Column: An interview with John Maxwell, author and leadership coach

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Whenever I discuss leadership with business executives, the name John Maxwell is sure to be part of the discussion, and with good reason. In 2014 John was identified as the No. 1 leader in business by the American Management Association, ahead of leadership experts Jim Collins, Jack Welch and…

John Maxwell

Whenever I discuss leadership with business executives, the name John Maxwell is sure to be part of the discussion, and with good reason.

In 2014 John was identified as the No. 1 leader in business by the American Management Association, ahead of leadership experts Jim Collins, Jack Welch and Ken Blanchard.

Maxwell is also a New York Times best-selling author and speaker who has sold more than 26 million books and in 2015 reached the milestone of having trained more than 6 million leaders from every country in the world.

Maxwell will be the keynote speaker at The High Center’s Family Business Forum on Tuesday, March 22, at the Lancaster County Convention Center.

To gain some insight into Maxwell and his thoughts on leadership we asked him a few questions prior to his visit.

If you could give our readers one piece of advice on leadership, what would that be?

You never arrive. Leaders are learners. If you want to be a good leader, whether you’re just starting out or the CEO of an organization, do not have an arrival mindset. Always operate from the belief that you can always grow and get better as a leader and as a person.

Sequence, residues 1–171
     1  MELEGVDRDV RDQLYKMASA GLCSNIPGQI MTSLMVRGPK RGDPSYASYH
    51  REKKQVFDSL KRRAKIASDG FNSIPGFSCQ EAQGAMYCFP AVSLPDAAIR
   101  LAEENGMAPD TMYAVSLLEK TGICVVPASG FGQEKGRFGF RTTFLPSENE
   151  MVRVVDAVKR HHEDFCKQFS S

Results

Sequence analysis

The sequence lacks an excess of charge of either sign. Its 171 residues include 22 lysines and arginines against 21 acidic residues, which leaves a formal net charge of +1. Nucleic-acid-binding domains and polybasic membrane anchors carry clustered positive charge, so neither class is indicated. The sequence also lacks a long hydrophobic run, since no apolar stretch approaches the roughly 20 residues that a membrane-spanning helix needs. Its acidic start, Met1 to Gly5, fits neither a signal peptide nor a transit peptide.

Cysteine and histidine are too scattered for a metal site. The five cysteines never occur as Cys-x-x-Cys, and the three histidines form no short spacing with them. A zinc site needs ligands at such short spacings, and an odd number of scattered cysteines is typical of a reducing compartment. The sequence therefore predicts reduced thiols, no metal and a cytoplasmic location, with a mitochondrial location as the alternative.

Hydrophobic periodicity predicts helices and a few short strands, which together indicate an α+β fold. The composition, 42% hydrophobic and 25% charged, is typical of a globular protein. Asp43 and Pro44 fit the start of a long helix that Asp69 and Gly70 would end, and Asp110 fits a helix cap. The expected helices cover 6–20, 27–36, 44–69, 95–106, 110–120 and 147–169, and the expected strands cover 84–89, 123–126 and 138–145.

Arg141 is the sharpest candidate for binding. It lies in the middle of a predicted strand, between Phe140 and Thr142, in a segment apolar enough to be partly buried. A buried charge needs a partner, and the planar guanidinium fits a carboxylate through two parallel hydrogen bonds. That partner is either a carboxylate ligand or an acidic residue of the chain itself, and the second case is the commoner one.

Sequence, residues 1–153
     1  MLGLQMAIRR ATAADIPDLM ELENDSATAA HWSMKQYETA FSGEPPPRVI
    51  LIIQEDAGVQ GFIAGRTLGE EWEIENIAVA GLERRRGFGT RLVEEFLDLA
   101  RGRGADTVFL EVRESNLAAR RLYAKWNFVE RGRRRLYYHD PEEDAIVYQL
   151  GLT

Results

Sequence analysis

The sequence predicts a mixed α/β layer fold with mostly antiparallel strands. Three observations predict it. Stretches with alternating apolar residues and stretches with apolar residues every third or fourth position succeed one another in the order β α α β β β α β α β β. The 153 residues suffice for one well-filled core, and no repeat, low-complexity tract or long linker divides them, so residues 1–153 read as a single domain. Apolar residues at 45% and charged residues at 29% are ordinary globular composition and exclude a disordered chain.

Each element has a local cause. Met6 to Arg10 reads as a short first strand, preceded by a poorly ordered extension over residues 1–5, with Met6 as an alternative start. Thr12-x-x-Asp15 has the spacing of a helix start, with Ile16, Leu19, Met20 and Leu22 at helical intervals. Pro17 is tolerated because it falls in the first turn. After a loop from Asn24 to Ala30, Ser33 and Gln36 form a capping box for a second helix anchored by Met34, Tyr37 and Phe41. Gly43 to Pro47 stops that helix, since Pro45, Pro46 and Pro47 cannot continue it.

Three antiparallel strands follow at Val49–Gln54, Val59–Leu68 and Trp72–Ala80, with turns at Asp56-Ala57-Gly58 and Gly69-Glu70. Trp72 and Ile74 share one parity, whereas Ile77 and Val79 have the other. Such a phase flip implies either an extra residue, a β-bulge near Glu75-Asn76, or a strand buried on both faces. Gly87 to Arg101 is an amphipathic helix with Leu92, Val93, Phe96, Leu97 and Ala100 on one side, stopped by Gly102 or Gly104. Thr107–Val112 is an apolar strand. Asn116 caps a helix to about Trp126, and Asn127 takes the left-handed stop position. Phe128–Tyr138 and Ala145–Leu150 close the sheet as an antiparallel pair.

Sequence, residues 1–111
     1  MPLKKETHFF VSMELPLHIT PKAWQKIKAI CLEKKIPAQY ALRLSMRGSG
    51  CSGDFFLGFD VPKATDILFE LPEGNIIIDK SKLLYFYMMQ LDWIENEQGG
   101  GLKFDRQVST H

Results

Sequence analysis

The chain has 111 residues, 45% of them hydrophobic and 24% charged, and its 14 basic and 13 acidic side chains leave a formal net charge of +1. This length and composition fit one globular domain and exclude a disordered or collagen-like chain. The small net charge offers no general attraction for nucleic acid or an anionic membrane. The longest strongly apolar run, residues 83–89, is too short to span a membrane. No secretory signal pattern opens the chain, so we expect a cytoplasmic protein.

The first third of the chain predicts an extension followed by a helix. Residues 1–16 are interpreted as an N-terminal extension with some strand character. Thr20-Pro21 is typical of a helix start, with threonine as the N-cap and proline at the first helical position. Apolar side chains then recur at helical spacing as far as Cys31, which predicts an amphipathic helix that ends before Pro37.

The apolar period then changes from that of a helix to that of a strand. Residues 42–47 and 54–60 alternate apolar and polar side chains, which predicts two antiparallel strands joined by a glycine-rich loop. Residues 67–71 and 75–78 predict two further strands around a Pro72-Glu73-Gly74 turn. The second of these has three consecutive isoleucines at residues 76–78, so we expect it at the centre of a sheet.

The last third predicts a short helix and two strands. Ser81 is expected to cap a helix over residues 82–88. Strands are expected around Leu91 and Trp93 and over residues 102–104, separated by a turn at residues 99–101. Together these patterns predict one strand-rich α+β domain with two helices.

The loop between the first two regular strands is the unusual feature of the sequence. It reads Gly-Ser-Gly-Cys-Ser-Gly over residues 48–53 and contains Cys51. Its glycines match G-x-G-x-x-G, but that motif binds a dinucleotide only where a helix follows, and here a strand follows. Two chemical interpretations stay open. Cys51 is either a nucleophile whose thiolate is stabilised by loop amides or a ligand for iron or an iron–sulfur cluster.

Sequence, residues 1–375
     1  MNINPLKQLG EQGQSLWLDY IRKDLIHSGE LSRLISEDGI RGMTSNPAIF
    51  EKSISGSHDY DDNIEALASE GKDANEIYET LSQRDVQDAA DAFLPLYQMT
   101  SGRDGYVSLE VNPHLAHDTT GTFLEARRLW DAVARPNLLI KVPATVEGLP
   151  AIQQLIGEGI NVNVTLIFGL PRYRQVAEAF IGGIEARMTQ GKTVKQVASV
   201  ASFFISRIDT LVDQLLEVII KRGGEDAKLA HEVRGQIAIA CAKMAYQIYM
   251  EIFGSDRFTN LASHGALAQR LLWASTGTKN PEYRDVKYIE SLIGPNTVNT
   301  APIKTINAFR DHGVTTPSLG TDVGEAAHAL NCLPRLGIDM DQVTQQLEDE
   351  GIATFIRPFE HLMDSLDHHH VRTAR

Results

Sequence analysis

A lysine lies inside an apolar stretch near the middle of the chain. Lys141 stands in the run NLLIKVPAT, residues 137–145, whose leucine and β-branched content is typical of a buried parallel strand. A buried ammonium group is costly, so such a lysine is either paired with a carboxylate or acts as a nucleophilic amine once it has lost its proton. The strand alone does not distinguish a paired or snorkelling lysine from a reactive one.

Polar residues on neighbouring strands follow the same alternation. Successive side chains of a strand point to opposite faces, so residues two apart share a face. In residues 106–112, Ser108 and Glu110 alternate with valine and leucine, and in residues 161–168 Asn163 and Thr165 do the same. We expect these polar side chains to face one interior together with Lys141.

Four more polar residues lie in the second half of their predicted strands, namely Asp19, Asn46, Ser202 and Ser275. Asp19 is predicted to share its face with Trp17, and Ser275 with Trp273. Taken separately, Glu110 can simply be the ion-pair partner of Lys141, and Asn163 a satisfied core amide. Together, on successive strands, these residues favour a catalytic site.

Is it more difficult to be a leader today, why or why not?

No. Leadership is leadership. It involves the same principles, no matter the time frame. Now, individual challenges can make things more or less difficult. But I think every era has opportunities for great leaders to emerge, and great ones do. Pick any time in history, and you’ll find a challenge and a leader who rose up to take it on.

What do you see as the biggest stumbling block for leaders?

Thinking that their leadership is for themselves. Leadership by nature needs to be unselfish, to add value to others. Anytime a leader starts to think that the position, the influence, or the benefits are for them, they’ve got things upside down.

What is the hardest thing you have to do in leadership?

The hardest thing for me is to realize that not everyone continues on the journey with you. Saying goodbye as I move forward and others stay behind is very sad. But it’s important for every leader to learn that sometimes people either can’t, won’t or shouldn’t go the whole distance with us.

What advice can you give young leaders?

Pay the price for growth. People won’t give you credit when you’re early in your journey, but keep growing, learning, leading. The return doesn’t often come till years later, but it’s worth the price.

What is the most different job you’ve had and how did it help you?

One of my first jobs was in a meat- packing plant. And being the high-energy, curious person that I was, I wanted to learn everything I could about what we did.

Unfortunately, that wasn’t the general attitude at the plant. They actually told me to slow down at my work and stop asking questions. As one worker told me, “Look, I just kill the cows and go home.”

From that experience, I realized that I wanted to be in work that was mentally stimulating and engaging with people.

Are you looking forward to your trip to Lancaster?

Yes, I have many fond memories of family vacations in the Lancaster and Hershey area. I am also looking forward to sharing thoughts about my new book, “Intentional Living.” I think it is the most important book that I have ever written and I share my lifelong personal journey of significance.

• Michael Mitchell is executive director of The S. Dale High Center for Family Business at Elizabethtown College. For more information on The High Center’s Family Business Forum, visit thehighcenter.com.


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